“Aye, well,” he said, and held me close. After a bit, we walked hand in hand to the biggest pile of barked timber and sat down. I could feel him thinking but was content to wait until he had formed what he wanted to say. It didn’t take him long. He turned to me and took my hands, formal as a man about to say his wedding vows.

        “Ye lost your parents young, mo nighean donne, and wandered about the world, rootless. Ye loved Frank” – his mouth compressed for an instant, but I thought he was unconscious of it – “and of course ye love Brianna and Roger Mac and the weans… but, Sassenach – I am the true home of your heart, and I know that.”

        He lifted my palms to his mouth and kissed my upturned palms, one and then the other, his breath warm and his beard stubble soft on my fingers.

        “I have loved others, and I do love many, Sassenach – but you alone hold all my heart whole in your hands.” he said softly, “And you know that.”

        Made my, ahem, allergies kick up the first 20 times I read it and now still makes my heart squeeze every time. I think Ian Mor was a big chunk of that “I have loved others, and I do love many…”

        Timely post, ma’am. Have been thinking much lately about kinds and quality of friendships as I watch my young adult daughter navigate the choppy waters of burgeoning adult relationships.

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        • It took much digging, but I found it in MOBY:

          Claire had told him her thought—that the man might be some relation of hers, perhaps a direct ancestor. She had tried to be casual about it, dismiss the idea even as she spoke it, but he’d seen the eager light in her eyes and been touched. The fact that she had no family or close kin in her own time had always struck him as a dreadful thing, even while he realized that it had much to do with her devotion to him.

          This bit broke my heart–as much for Claire’s longing for family as for Jamie recognizing her longing. 💔

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  3. Being one of the youngest of my generation I didn’t get to know a lot of my grands. I only really had my dad’s mother for any length of time and she passed when I was just 12. But the one who had my back just left me. My aunt Christine was in her nineties yet she was sharp as a tack. If I ever grow up I want to be just like her. I have a couple of friends that I could call for almost anything but none of them would back me up like my aunt would. We were friends. Even with a forty something year age difference we just saw the world the same way. Lord I miss her. I still have to stop myself from calling her. I’ve stopped trying to call my mom, but not Christine.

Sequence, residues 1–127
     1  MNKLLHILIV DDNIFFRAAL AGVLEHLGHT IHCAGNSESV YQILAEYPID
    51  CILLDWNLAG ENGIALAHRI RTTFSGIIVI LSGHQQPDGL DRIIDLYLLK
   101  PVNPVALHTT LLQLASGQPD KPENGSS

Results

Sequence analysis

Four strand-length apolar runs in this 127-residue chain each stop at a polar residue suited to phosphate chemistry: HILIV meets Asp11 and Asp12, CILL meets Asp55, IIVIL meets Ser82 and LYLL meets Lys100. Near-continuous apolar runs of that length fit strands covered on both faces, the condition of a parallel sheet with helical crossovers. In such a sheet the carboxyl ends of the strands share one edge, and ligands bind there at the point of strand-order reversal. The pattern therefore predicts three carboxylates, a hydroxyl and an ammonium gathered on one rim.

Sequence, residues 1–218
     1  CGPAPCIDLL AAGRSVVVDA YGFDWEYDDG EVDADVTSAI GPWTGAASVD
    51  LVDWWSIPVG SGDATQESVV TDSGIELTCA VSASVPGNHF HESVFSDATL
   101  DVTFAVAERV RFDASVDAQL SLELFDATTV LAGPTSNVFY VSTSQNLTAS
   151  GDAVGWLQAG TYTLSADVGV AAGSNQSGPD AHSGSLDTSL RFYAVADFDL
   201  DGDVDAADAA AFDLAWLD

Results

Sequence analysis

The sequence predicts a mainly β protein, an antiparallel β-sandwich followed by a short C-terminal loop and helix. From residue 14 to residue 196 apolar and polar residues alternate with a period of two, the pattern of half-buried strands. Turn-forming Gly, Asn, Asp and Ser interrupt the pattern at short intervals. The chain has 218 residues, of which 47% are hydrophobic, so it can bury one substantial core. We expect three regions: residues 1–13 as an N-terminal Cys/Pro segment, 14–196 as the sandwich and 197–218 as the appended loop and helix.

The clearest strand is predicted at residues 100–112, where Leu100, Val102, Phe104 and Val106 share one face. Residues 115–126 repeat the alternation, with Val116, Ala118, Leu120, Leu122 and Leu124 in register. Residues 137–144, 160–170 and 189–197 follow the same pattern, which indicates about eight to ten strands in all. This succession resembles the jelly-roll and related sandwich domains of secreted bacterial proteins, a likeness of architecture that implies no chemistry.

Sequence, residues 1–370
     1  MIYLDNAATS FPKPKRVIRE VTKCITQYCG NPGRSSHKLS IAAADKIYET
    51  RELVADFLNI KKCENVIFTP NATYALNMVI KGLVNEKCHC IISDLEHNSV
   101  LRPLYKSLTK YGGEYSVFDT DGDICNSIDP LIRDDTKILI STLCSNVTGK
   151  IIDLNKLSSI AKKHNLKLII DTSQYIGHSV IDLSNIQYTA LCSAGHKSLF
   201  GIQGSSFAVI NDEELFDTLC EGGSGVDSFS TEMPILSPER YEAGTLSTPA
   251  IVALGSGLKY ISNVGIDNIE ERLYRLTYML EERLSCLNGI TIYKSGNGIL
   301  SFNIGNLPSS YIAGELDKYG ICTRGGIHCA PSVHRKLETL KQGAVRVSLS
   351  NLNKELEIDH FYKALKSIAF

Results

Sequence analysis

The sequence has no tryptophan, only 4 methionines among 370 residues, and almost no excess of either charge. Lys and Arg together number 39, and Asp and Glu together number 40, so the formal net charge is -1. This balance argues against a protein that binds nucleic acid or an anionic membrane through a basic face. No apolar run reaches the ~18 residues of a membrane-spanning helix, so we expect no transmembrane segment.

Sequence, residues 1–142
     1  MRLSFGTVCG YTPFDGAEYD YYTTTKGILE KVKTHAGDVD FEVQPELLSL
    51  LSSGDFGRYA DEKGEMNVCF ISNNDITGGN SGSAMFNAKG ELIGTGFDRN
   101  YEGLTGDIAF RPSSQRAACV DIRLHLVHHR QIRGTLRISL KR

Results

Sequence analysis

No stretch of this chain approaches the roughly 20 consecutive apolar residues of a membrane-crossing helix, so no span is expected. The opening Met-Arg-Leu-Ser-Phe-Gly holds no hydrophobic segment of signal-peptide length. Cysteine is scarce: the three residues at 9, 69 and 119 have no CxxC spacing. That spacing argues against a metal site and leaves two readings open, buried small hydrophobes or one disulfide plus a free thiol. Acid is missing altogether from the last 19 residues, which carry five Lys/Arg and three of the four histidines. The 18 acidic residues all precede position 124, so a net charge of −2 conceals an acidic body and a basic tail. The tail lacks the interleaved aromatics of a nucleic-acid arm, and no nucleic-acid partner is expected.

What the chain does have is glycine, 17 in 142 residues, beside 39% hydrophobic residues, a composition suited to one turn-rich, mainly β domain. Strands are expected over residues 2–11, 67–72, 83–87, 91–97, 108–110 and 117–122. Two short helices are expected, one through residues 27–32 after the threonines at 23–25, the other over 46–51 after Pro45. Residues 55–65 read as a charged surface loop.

She had lost her sight but would have loved Outlander on books for the blind. I’m just sorry I didn’t get to share them with her. She could still give great driving directions for her home town and knew where almost everything was in the house. It was amazing.
    She taught me to pray in triangles. Right thing, right time, right reason while drawing a little triangle as an aid to memory when praying for others. She didn’t mind my very unorthodox belief system because the way she taught me would work regardless of deity.
    We were women who worked and paid others to clean for us because cleaning ladies need to make a living too.

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  4. Damn it! I’m crying again. This is just so beautifully written and true. I have been dying to have these kinds of conversations about things from Outlander and no one to talk through with. And with four kids aged 9-newborn I just don’t have the bandwidth to write it out myself… But I’m telling you: from my heart to your written words. Thank you for writing so many things that I have been feeling as I process my first (and now starting my second) reading of the series.

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    • I do love talking about the books. My family jokes that I can relate anything to Outlander. There is definitely some truth in their words.

      I can’t imagine how busy you must be. I have three kids, but they are getting older now, so I am finally feeling like I am able to reclaim a bit of myself.